I mentioned the candy dish. Fill it with Jolly Ranchers. Not chocolate, not mints, not anything generic. Jolly Ranchers. Why? Because everyone loves them, no one is allergic to them, they keep forever, and you can buy them in bulk. Jolly Ranchers attract people to your table. Everyone wants a freebie from every table, and if you have Jolly Ranchers, you hit the "must visit" list. I buy bags of them from Sam's Club and keep my candy dish full.
|Note the candy dish on the left? Also, this is an example of a non-cluttered table.|
I mentioned, also, business cards. Folks, they are the single best investment from a promotional standpoint that you can make. Design them yourself or have someone design them, but make them look professional. And they are not expensive at all. I use GotPrint, and I get 1000 glossy-front, color front, black and white back business cards for about $20. Seriously. And I pass them out everywhere I go. Make sure it has your name, e-mail, website, and something identifying on it, but for $20, you can't go wrong.
|Pictured: Something Identifying|
I also make sure to have a banner for myself. I carry a small wooden easel upon which to hang it, and also carry duct tape for wall hanging. A banner should announce your name and have some identifying characteristic on it (like your business card), and they too can be done cheaply. You can get one that you can use over and over again from the same company (that's GotPrint, btw) for about $40. You can also get them from your local Kinko's, or even from a buddy at a university with access to a plotter.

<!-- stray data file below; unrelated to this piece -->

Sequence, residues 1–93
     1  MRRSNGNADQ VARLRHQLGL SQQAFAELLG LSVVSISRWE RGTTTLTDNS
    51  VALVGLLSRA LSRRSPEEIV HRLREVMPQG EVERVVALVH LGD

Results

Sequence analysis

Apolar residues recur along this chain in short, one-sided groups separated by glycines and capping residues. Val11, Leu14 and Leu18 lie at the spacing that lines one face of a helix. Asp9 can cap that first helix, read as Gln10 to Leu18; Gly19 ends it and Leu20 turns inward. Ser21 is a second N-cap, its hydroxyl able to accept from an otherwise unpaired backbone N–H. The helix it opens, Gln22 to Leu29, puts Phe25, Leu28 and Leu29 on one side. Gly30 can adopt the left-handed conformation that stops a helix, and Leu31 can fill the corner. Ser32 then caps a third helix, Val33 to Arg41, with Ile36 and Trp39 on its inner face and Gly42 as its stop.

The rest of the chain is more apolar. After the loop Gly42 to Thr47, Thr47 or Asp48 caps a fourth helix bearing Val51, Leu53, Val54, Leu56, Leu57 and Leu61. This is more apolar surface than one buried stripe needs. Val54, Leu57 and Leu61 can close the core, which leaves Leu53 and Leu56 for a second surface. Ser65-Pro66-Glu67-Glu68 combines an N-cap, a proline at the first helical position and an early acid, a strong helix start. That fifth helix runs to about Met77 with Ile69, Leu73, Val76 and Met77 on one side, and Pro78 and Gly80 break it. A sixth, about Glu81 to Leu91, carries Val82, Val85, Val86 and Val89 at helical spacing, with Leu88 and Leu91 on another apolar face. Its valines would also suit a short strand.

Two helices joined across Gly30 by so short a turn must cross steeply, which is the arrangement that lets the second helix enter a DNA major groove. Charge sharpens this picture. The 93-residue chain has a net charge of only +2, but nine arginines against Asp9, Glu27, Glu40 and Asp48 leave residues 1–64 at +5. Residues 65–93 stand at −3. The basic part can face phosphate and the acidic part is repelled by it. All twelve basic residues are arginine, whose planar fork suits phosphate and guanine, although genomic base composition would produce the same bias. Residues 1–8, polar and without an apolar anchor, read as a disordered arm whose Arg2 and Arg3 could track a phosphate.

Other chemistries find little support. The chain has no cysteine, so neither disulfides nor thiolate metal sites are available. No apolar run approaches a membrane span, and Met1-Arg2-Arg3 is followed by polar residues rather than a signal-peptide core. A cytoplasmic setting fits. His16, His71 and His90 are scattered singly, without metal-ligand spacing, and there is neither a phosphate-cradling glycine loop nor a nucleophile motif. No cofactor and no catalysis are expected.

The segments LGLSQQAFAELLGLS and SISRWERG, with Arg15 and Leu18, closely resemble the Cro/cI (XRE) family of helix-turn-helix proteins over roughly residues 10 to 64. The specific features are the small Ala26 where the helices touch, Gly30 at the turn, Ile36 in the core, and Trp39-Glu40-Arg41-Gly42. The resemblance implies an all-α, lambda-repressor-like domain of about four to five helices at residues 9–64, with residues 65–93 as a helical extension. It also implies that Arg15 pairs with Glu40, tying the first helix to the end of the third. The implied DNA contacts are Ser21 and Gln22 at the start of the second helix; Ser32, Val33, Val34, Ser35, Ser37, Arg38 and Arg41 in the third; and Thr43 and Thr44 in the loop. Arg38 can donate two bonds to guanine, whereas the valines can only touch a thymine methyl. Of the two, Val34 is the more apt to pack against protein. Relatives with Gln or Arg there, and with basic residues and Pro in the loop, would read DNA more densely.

You also need a change box (with enough money to make change), a receipt book (because some people insist on them) and a clearly marked price list. Do not short-sell your books. Make deals, sure, package them together, but make sure you are not selling them at cost. Make the trip worth your while. You should also get a card-reader for your smartphone so you can take credit cards. Companies like Square allow you to process credit cards, send out virtual receipts, and charge a very small percentage.
Finally, let's talk about you. When I go to conventions, I usually see two types of people. The first hides behind his books (iPad, smart phone, etc). Whenever people walk by, they act like they don't notice, or pray not to be noticed. The second is the wolf… The one who is obviously there to sell things. The one who, as the convention progresses, gets more and more desperate to sell. It it shows. That person reeks of desperation. You should strive to be a third type: The personable vendor. You make eye contact. You smile. You say "how's it going." You have your one-line-synopsis ready if they ask, but you're more there to meet folks and shake hands. When people approach you, they're interested in meeting you. In fact, what you're selling at your table isn't a book. It's you. And you are your most valuable commodity.
When you're at the convention, be nice to everyone. Be professional, but come across as you would want them to remember you. Be nice to the other vendors because they'll share tips and send other people your way. Be nice to the promoters because they want you to come back. Be nice to the fans because you want them to be your audience, and you never know who you are talking to. Be. Nice.
Lastly, whether you're booked to do a reading or not, have something prepared, just in case. The motto of the Boy Scouts is the rule here: Be Prepared.
So that's it. Those are my tips for surviving the con. Do you have any that you'd like to share? Leave them in the comments! Until next time, see you on the road!